1. Insolvencies ⇑
In June this year 1027 Australian companies went under water – the second highest monthly total on record, and a 21% jump from a year earlier. These Aussie companies were either placed into liquidation, voluntary administration, receivership or were wound up.
Accounting firm Taylor Woodings argues that sluggish trading conditions, high interest rates, less liquid debt and equity markets and enforcement activity by the Australian Taxation Office (ATO) tipped many companies over the edge. The accounting firm thinks that the number of insolvencies will increase in the months ahead.
2. Employment ⇓
There’s a shift from full time to part-time employment as businesses cut back staff costs in the wake of slowing business conditions. In July, 22,200 people lost their full-time job and 22,100 took on part-time employment instead.
Remember that Australia’s relatively strong employment rate by international standards comes courtesy of a once-in-a-lifetime mining boom. Western Australia continues to be the supplier of jobs with 16,300 more people employed over the past year. In comparison, NSW shed 7,200 jobs in 2011, Victoria lost 20,600 jobs in just the month of July (the largest monthly fall since 2003), and Queensland has lost 5,000 jobs since the end of 2010.
Wespac notes that the data highlights a softer labour market and a “potentially worrying trend” – especially considering that the unemployment rate has been held down by slower population growth. Total hours worked in July, up just 0.2%, was the weakest trend pace of growth in hours worked since August 2009.
3. Unemployment ⇑
Australia’s unemployment rate now stands at 5.1%. Bill Evans, Westpac’s chief economist sees unemployment rising to 5.75% in 2012.
4. Consumer Confidence ⇓
Consumer confidence is at levels not seen since May 2009, according to Westpac. Over the past four months, consumer confidence has deteriorated further. Interest rates, housing prices, the carbon tax and unemployment are consumer’s major concerns, and that’s not even mentioning the uncertainty created by global financial market instability.
5. Interest Rates ⇓
The RBA upped interest rates seven times from October 2009 to November 2010 to the highest level in the developed world. Few in the market are tipping that the RBA will increase interest rates this year; if anything, rate cuts could be on the cards. Rate cuts are indicative of a slowing economy.
6. Household Debt⇑
Household debt more than doubled in the past 15 years to 155 percent of disposable income in the March quarter 2011. Household debt in Australia is substantially higher than the 133% American’s accumulated at the height of the US subprime mortgage boom.
7. Household Credit ⇓
Fewer Australians are taking out credit to buy homes. In fact, credit conditions have never been worse. In June 2011, credit to home buyers rose at the slowest annual pace since 1977, the year when central bank data began.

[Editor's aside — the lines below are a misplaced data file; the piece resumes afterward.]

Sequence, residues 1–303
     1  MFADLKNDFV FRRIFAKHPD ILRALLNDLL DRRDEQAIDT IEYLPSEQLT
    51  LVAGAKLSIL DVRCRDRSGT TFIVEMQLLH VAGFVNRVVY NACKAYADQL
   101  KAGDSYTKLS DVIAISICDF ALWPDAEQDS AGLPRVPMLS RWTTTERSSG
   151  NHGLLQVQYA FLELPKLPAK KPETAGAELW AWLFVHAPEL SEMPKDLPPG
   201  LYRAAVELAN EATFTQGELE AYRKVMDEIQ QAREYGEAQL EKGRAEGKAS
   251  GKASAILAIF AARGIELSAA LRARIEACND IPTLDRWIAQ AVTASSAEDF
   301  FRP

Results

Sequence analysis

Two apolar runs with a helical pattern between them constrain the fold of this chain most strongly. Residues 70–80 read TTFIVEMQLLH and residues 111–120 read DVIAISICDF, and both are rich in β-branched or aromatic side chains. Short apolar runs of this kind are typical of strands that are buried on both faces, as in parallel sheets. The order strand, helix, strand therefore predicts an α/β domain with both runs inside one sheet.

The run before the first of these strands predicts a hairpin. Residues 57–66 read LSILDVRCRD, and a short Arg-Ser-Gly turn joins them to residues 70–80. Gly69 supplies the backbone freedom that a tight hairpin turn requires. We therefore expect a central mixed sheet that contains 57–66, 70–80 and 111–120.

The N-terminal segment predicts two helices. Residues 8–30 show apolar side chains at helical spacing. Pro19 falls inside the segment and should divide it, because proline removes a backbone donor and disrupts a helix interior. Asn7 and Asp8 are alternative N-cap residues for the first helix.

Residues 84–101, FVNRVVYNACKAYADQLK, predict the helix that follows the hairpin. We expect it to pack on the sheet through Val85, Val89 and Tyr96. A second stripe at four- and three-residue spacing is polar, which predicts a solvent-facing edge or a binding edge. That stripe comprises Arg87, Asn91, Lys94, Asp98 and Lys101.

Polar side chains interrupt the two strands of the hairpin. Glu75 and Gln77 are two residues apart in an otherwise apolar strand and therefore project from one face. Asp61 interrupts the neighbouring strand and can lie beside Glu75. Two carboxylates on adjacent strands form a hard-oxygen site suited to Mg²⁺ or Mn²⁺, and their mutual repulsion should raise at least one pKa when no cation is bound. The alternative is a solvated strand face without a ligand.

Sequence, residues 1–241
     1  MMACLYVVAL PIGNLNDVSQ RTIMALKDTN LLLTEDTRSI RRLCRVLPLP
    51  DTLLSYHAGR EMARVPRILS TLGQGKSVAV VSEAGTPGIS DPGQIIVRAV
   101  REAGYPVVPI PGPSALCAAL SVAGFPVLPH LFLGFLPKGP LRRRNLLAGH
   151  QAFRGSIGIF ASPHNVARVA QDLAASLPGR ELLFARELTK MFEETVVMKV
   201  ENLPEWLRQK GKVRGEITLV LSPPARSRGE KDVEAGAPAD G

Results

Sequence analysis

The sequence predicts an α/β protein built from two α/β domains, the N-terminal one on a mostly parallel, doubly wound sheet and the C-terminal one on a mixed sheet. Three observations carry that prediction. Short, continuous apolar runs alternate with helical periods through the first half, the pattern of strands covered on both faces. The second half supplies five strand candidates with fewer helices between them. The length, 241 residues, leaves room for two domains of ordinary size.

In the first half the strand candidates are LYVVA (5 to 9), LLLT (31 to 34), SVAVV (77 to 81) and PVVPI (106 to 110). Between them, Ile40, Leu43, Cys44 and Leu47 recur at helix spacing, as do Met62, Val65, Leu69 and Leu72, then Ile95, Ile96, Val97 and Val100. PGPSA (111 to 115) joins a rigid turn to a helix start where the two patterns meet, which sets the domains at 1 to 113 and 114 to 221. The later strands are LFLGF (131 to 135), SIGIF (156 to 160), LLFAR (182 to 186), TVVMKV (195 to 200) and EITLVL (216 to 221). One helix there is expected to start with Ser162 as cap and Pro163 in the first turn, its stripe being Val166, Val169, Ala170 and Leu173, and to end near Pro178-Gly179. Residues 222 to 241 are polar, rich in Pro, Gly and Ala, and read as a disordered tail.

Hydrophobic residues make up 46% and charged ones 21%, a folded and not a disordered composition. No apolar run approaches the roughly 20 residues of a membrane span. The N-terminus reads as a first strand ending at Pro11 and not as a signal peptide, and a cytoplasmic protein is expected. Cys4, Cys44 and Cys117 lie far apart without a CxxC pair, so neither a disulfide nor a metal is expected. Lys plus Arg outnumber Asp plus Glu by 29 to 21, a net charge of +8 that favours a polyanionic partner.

8. Property Prices ⇓
Home prices in the second quarter of 2011 fell by 1.9 per cent from a year earlier, the biggest drop in over two years.
9. Retail Spending ⇓
Retail sales fell by 0.1% in June, the second consecutive month, following a 0.6% fall in May. Retail spending rose a miserable 2.6% for the 2010-11 financial year, which is the worst annual growth in 50 years. David Jones experienced its worst mid-year sales in 20 years.
10. Economic Growth ⇓
The RBA estimates that growth in 2011 will average 2%, which is substantially lower than an earlier forecast of 3.25%.
11. Savings Rate ⇑
Australians are saving more and spending less. The household savings ratio is up nearly 10% – a level not seen for 25 years. Hefty costs for food, utilities, health and education are causing a strain on budgets and are increasing the need to save for a rainy day. A more frugal consumer spells bad news for many businesses that rely on high consumer spending.
12. Building Approvals ⇓
Building approvals are at their lowest level in two years, stumbling 3.5% in June, and confirming weakness in Australia’s housing market. It was the fifth decline in building approvals out of the six months of this year, and marks a 15.5% drop in the year to June 2011. The trend is unquestionably down.
13. Consumer Prices ⇑
Food prices are forever rising, up 0.9% in the three months to June to an annual rate of 3.6%. Fruit prices alone were up 27% in the quarter. Petrol prices were 4% higher, furniture up 6%, medical services up 3.4%, clothing and footwear up 2.5% and transport costs up 1.2% in the June quarter.
14. National Debt ⇑
The government’s stimulus packages and borrowing to fund the mining and infrastructure boom has seen our net foreign debt climb to 60% of GDP. Banks, the private sector and mining companies have borrowed heavily.
15. Rating The Banks ⇓
Credit ratings agency Moody’s recently downgraded Australian big four banks from a AA1 to AA2, citing concerns that the commodities boom supporting the Australian economy and the banks might not be sustainable.
‘With the domestic economy increasingly biased to the commodity sector, terms of trade that are exceptionally favourable by historical standards, and high asset prices, there is a potential for confidence shocks to impact the banks’ access to funding,’ Moody’s said.
Moody’s warned that the banks were dependent on international borrowing – providing around 40% of their funding – which could not be relied upon. Aussie banks have over $330 billion in long-term bonds issued to international investors and another $100 billion in short-term debt that must be continuously rolled over. If commodity prices fell suddenly, Aussie banks may struggle to get the funding from international markets, it warned.